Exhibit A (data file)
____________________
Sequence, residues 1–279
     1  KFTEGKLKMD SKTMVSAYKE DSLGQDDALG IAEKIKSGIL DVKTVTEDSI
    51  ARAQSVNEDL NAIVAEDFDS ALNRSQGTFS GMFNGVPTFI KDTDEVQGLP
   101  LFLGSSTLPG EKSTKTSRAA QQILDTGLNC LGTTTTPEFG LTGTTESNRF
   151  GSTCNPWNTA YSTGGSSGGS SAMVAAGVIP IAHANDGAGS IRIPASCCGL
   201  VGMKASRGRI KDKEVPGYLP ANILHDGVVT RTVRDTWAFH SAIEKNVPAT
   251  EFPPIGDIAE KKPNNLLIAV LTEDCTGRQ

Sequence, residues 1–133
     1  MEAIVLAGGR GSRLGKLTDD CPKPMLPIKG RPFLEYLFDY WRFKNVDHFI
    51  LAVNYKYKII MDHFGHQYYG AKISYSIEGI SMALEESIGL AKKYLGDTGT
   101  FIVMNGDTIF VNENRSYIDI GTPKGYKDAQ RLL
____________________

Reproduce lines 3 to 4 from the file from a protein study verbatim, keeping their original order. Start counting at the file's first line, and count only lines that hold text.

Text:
    51  ARAQSVNEDL NAIVAEDFDS ALNRSQGTFS GMFNGVPTFI KDTDEVQGLP
   101  LFLGSSTLPG EKSTKTSRAA QQILDTGLNC LGTTTTPEFG LTGTTESNRF